“The wonders of the Grand Canyon cannot be adequately represented in symbols of speech, nor by speech itself. The resources of the graphic art are taxed beyond their powers in attempting to portray its features. Language and illustration combined must fail.”

-John Wesley Powell

The Grand Canyon is arguably one of the most famous landmarks in the United States.  Even those who have no interest in the National Parks, have heard of, and even visited the Grand Canyon.  And, as stated in the quote above, most would agree that it’s quite difficult to describe just how grand the Grand Canyon really is.

I must admit, the first time I saw the Grand Canyon I wasn’t interested.  I was a bratty teenager on a road trip with my family, and I couldn’t be bothered to stand in the cold and look at a “stupid hole in the ground.”  Fast forward 14 years, and I’m voluntarily hiking down to the bottom of that hole.

Josh and I wanted to fit in one last National Park in November of 2016, so we chose the Grand Canyon in an effort to not freeze to death.  We flew out to Phoenix for a long weekend with our friends Ross and Ashley. Arriving early in the morning, we started our drive North just in time to stop in Sedona around lunch time.  We had a big lunch and walked around the outdoor shops to soak in the Arizona culture.

The four of us arrived at Mather Campground shortly after the sun went down and stocked up on some snacks at the local store in Grand Canyon Village.  Side note – this store has everything you could possibly need if you forgot something (stove fuel, backpacks, sleeping bags, dehydrated meals, clothes, etc.)  It’s one of the most stocked national park grocery stores that we’ve seen.  Ross and Ashley picked up some warmer clothes, and Josh grabbed some gloves. After our shopping detour we settled into our campsite and enjoyed a nice campfire before going to bed.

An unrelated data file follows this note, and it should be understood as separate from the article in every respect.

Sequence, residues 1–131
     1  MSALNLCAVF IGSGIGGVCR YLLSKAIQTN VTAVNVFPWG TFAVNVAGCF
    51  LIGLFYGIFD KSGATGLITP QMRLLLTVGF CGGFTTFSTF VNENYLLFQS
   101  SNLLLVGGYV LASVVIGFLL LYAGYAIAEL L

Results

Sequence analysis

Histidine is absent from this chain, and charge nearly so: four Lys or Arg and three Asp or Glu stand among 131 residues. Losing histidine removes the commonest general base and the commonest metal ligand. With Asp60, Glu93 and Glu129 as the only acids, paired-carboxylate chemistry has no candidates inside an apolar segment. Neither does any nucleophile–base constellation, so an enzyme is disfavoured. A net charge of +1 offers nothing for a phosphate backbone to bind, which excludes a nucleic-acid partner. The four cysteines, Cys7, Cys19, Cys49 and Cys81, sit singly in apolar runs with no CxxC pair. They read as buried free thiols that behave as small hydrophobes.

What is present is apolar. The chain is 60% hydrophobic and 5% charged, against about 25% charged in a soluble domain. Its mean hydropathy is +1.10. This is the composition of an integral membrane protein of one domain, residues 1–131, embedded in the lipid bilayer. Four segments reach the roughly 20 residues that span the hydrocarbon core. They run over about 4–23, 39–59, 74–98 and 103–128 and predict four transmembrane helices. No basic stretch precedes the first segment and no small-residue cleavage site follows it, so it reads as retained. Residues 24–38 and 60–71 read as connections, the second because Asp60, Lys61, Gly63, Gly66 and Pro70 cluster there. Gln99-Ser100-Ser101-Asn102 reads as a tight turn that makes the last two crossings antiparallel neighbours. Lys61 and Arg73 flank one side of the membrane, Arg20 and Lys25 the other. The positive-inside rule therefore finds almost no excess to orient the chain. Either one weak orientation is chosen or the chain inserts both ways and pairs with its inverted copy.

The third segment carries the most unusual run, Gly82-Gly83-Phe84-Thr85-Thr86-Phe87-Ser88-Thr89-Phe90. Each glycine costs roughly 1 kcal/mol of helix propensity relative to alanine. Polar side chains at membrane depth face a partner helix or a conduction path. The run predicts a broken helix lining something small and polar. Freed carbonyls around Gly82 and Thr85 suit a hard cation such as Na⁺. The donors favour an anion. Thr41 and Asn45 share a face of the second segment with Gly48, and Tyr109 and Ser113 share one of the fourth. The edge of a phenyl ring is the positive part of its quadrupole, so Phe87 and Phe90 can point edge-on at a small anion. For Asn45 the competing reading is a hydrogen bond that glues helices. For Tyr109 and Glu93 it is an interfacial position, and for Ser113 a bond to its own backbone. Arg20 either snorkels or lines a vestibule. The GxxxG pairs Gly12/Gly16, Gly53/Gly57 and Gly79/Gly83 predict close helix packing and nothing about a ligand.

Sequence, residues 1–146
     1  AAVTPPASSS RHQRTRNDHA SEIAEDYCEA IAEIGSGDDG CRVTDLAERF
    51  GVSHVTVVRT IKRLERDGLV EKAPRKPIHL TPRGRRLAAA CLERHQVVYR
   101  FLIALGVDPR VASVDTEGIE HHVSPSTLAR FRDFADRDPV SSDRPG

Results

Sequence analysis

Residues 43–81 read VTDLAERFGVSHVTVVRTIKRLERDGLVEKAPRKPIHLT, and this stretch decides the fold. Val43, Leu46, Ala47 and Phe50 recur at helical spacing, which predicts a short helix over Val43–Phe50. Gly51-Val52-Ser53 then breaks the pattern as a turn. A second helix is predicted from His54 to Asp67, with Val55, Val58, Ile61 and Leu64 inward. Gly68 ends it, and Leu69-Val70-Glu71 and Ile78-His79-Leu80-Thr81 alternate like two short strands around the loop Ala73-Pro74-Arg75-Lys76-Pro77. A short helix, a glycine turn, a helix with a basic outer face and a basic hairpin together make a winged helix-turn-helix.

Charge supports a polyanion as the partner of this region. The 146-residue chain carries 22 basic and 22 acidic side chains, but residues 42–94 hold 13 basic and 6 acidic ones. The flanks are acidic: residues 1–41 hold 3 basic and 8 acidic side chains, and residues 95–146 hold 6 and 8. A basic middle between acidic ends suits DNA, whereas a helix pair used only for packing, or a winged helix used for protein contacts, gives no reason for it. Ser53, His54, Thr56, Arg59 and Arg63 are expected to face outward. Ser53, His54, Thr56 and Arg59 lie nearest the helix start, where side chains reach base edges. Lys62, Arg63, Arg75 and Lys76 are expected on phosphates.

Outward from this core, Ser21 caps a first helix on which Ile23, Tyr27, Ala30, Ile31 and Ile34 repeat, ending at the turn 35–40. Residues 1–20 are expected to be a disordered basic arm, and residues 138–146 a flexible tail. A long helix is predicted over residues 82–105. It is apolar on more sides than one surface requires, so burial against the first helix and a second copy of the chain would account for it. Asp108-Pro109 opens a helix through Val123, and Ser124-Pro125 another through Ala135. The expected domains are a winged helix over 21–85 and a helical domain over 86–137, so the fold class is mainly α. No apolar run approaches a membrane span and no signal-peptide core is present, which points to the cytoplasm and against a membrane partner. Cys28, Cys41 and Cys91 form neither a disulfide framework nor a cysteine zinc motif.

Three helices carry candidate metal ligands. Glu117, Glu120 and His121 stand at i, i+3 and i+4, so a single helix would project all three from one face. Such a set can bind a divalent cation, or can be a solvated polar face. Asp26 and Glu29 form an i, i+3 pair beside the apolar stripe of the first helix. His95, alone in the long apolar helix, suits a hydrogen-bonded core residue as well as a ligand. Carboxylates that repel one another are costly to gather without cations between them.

After a cold night sleep, the morning sun began to warm us up as we packed for our hike to the bottom of the canyon. We drove our rental car to the bus stop to get on the Orange bus, which takes visitors to the Rim, and specifically the South Kaibab Trailhead.

  • South Kaibab Trail
    • Difficulty: Moderate – Strenuous
    • Distance: 6.5 miles one way
    • Elevation Change: approx. 4,820 ft
    • No water on the trail (water available at the beginning and end)
    • Very steep
img_1514
South Kaibab Trailhead
img_7861
East Rim near the South Kaibab Trailhead

The South Kaibab Trail is taking you to the bottom of the Grand Canyon, so its no surprise that its pretty much downhill the entire way.  Some parts of the trail are pretty steep so it can be really rough on your knees and toes!

img_1517img_8022

img_8019

What’s different about backpacking to the bottom of the Grand Canyon than most other backpacking trips (that we’ve been on at least) is that you don’t really escape civilization.  At the bottom of the South Kaibab Trail is Bright Angel Campground and also Phantom Ranch, which offers dorms and cabins for visitors. There is even a restaurant at Phantom Ranch! Additionally, since you can arrange to be taken to the bottom of the canyon on a mule (there is mule poop everywhere), it’s not a place that you can only enjoy by hiking into, like most other backpacking campsites.